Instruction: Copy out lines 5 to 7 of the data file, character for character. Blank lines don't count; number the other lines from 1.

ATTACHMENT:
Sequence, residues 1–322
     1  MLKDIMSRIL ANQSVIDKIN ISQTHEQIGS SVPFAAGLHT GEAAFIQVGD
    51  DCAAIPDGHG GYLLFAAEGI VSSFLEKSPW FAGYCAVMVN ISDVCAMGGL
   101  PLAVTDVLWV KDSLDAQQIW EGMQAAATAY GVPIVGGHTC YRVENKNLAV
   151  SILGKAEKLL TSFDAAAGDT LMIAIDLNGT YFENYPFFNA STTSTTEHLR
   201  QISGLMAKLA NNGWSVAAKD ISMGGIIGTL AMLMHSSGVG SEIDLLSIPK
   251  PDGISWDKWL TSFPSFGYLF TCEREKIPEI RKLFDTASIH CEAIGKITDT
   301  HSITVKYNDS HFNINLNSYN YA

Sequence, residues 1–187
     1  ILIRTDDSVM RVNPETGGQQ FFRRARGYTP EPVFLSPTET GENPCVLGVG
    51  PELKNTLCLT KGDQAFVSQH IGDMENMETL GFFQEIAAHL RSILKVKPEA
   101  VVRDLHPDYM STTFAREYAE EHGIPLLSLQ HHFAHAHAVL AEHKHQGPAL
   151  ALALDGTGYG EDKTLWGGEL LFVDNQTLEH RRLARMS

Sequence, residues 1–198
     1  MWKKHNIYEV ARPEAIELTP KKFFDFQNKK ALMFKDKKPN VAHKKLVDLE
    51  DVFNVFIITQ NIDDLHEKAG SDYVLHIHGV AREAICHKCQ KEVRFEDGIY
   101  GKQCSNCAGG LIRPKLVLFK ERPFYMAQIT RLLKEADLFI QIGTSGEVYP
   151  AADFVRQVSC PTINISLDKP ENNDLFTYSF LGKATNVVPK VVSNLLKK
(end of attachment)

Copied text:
   151  SILGKAEKLL TSFDAAAGDT LMIAIDLNGT YFENYPFFNA STTSTTEHLR
   201  QISGLMAKLA NNGWSVAAKD ISMGGIIGTL AMLMHSSGVG SEIDLLSIPK
   251  PDGISWDKWL TSFPSFGYLF TCEREKIPEI RKLFDTASIH CEAIGKITDT